A codon is a trinucleotide sequence of DNA or RNA that corresponds to a specific amino acid. The genetic code describes the relationship between the sequence of DNA bases (A, C, G, and T) in a gene and the corresponding protein sequence that it encodes. The cell reads the sequence of the gene in groups of three bases. There are 64 different codons: 61 specify amino acids while the remaining three are used as stop signals.
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Codon is the name we give a stretch of the three nucleotides, you know, one of A, C, G, or T, three of which in a row, that code for a specific amino acid, and so the genetic code is made up of units called codons where you have three nucleotides that code for a specific amino acid next to another three nucleotides, another three nucleotides, and another three nucleotides. And the cellular machinery, again the ribosome, that comes through and reads that genetic code, plugs in the correct amino acid that corresponds to each of the triplet code that's in the codon.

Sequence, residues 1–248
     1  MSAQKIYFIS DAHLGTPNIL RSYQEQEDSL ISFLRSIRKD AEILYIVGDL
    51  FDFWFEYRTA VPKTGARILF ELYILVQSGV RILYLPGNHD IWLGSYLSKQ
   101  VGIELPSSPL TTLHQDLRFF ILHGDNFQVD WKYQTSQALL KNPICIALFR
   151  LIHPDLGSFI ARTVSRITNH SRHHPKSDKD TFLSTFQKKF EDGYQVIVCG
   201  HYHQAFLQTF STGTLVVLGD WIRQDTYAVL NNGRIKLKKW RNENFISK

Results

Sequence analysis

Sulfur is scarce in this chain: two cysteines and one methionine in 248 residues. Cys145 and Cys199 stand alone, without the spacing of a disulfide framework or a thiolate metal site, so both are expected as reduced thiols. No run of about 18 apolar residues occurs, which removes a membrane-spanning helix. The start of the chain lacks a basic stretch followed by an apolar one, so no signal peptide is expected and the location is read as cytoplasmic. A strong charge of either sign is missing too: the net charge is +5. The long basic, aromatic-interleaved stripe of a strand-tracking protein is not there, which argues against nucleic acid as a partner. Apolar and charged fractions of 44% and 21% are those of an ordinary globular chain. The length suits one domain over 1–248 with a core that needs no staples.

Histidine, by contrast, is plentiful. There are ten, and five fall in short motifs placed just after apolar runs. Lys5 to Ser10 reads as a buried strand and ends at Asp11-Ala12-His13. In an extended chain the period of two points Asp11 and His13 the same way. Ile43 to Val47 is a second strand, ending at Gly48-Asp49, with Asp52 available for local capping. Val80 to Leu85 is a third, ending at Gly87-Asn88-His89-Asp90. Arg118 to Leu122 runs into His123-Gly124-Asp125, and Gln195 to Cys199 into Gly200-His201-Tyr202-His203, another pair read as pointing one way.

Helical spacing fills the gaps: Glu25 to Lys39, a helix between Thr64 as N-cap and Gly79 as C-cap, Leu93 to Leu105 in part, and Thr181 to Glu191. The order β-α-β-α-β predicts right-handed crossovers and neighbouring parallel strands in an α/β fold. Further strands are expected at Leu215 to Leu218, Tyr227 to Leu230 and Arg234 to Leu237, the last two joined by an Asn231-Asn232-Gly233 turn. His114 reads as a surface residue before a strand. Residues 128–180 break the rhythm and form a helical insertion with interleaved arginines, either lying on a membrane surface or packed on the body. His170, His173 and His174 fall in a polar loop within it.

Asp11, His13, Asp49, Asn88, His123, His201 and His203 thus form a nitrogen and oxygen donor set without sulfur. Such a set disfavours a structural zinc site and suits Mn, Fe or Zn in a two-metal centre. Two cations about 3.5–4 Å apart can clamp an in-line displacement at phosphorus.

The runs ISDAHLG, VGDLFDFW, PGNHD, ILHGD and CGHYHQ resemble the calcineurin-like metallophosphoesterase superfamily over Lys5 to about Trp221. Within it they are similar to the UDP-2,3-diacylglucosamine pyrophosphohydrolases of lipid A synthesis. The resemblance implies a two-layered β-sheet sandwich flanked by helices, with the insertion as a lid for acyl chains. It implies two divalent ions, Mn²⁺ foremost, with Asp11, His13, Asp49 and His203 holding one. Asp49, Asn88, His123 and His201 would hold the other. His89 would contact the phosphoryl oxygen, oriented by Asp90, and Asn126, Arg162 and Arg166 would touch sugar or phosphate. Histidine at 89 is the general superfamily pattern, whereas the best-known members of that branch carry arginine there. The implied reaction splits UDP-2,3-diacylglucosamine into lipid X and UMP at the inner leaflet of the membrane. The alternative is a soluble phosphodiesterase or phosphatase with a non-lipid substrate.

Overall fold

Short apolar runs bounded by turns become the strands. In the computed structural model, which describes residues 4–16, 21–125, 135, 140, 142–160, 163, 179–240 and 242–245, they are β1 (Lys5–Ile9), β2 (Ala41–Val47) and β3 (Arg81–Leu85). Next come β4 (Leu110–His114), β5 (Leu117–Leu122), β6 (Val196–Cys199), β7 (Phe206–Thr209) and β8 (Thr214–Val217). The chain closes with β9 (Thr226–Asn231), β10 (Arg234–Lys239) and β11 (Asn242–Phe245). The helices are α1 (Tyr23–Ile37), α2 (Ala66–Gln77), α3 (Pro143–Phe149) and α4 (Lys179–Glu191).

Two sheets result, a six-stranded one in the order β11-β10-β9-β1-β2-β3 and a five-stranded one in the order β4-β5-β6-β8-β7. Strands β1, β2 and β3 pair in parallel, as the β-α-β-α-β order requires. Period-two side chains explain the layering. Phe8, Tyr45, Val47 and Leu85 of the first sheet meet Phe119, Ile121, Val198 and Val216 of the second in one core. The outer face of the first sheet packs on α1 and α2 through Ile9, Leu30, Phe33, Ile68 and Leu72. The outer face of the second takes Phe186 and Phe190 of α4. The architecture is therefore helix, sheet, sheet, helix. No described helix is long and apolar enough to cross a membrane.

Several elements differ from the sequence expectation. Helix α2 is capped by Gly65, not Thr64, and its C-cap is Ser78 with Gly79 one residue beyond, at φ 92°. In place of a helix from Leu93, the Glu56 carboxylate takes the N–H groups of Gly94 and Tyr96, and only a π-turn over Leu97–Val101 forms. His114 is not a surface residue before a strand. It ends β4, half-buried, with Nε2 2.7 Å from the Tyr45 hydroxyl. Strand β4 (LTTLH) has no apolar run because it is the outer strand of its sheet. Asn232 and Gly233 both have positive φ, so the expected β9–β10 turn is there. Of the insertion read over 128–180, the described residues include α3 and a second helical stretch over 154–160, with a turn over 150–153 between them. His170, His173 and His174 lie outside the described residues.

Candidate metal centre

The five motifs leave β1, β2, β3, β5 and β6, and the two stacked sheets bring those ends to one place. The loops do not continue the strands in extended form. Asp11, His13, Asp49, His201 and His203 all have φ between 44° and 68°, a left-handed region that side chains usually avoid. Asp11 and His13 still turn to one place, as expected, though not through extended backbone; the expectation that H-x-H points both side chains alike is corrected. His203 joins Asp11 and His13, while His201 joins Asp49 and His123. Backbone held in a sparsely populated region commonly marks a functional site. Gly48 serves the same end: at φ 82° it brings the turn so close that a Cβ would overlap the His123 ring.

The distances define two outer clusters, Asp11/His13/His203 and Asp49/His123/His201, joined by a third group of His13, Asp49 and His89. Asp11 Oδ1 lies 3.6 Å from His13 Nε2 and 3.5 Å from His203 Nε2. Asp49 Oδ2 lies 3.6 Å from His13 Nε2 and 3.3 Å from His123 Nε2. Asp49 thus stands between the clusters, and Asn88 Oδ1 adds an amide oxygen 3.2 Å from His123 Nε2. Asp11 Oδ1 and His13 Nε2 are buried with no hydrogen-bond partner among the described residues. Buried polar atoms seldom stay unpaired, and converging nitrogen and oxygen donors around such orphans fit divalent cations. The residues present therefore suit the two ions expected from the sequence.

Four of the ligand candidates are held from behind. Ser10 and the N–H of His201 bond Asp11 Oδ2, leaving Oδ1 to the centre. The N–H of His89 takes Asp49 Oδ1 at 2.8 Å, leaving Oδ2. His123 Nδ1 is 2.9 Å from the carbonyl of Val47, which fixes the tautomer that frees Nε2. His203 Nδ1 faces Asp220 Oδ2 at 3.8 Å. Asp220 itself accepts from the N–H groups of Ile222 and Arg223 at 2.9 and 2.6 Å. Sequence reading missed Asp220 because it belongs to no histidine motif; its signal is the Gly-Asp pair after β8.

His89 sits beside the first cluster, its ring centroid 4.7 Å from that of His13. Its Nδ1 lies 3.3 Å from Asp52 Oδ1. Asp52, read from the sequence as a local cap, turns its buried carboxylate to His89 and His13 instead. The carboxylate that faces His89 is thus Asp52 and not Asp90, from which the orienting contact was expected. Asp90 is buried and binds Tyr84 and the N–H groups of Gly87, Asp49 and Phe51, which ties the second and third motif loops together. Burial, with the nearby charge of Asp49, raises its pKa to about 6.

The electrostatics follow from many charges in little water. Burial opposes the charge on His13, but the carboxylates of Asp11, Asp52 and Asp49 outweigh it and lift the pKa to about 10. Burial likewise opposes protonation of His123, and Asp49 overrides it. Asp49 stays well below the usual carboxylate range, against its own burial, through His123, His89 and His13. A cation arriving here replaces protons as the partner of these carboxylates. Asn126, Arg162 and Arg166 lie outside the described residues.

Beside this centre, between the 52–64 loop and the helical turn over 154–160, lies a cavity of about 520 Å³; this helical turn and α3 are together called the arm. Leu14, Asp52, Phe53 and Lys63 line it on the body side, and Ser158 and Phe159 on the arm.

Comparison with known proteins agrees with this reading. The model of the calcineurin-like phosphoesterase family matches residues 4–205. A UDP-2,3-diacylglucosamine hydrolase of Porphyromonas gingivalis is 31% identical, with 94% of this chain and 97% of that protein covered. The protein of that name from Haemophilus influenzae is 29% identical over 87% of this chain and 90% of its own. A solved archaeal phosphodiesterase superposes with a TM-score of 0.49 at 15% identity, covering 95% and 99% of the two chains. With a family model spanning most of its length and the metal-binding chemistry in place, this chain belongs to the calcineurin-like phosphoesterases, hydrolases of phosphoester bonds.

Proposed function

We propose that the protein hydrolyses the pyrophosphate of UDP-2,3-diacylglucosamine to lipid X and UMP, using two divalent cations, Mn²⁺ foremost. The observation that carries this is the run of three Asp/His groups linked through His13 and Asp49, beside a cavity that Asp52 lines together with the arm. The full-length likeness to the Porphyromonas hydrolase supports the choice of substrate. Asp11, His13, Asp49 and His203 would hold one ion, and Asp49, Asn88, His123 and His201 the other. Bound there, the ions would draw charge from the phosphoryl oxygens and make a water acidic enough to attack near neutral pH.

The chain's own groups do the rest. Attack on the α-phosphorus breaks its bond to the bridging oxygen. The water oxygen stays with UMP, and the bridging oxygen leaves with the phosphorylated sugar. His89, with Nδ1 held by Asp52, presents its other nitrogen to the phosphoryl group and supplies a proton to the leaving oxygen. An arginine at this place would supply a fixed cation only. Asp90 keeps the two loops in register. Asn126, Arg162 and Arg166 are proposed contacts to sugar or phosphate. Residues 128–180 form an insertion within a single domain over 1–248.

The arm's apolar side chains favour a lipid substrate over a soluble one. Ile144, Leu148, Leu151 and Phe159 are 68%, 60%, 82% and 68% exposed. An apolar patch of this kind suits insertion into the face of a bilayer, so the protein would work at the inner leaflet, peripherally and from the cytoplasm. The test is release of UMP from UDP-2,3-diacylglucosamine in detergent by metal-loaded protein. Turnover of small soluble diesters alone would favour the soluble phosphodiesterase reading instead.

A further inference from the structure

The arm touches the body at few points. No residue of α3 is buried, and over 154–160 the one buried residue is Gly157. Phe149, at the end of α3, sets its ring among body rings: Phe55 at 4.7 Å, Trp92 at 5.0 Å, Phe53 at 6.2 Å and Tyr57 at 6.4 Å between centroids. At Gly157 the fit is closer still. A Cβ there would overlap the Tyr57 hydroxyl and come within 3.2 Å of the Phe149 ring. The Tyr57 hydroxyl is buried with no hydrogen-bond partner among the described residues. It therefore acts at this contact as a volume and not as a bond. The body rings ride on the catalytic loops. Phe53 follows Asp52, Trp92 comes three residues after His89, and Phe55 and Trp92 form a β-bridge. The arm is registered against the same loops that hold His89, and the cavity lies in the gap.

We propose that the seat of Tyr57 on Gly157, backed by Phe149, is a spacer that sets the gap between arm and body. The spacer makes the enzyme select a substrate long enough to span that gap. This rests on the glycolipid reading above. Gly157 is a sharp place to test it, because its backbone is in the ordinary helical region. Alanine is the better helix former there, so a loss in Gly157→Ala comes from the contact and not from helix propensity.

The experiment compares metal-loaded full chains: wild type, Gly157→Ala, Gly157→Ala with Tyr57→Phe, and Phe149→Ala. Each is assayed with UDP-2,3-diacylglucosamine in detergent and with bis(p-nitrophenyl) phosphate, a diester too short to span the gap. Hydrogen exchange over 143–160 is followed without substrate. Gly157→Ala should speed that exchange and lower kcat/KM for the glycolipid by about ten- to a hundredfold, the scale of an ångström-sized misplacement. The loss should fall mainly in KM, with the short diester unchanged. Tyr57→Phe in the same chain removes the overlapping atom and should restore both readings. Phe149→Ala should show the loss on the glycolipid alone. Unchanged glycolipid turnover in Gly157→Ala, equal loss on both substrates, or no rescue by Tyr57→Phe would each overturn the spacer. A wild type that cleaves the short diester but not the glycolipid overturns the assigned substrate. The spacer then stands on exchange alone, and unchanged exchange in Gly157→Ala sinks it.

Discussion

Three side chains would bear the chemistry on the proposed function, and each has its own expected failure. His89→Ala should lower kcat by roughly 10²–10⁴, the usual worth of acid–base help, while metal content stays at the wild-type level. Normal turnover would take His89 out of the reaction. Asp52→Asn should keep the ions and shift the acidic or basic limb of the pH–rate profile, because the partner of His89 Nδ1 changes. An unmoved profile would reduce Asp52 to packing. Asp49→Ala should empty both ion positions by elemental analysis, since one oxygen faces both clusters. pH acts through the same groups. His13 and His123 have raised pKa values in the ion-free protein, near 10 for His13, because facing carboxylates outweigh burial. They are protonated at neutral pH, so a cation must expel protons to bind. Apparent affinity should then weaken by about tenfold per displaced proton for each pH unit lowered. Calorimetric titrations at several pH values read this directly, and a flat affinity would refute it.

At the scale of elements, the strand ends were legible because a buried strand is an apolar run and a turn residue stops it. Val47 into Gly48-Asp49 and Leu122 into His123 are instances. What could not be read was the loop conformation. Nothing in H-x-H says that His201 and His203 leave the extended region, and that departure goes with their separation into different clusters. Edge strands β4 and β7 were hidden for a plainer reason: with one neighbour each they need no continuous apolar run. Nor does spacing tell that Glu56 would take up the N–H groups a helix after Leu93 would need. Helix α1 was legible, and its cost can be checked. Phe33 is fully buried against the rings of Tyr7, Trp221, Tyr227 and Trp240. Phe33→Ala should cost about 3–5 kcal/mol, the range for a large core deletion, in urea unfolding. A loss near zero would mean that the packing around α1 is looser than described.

Lawrence C. Brody, Ph.D.
Chief & Senior Investigator, Genome Technology Branch; Head, Molecular Pathogenesis Section
Dr. Brody investigates the genetics of breast cancer and neural tube defects. As chief of the NHGRI Genome Technology Branch's Molecular Pathogenesis section, he is interested in studying genetic mutations that lead to perturbations in normal metabolic pathways and cause disorders such as cancer and birth defects. His laboratory investigates mutations in two breast cancer-linked genes, breast cancer gene 1 (BRCA1) and breast cancer gene 2 (BRCA2). Dr. Brody's laboratory was among the first to report that women carrying BRCA1 or BRCA2 mutations have a higher risk of developing both breast and ovarian cancer than women without such mutations.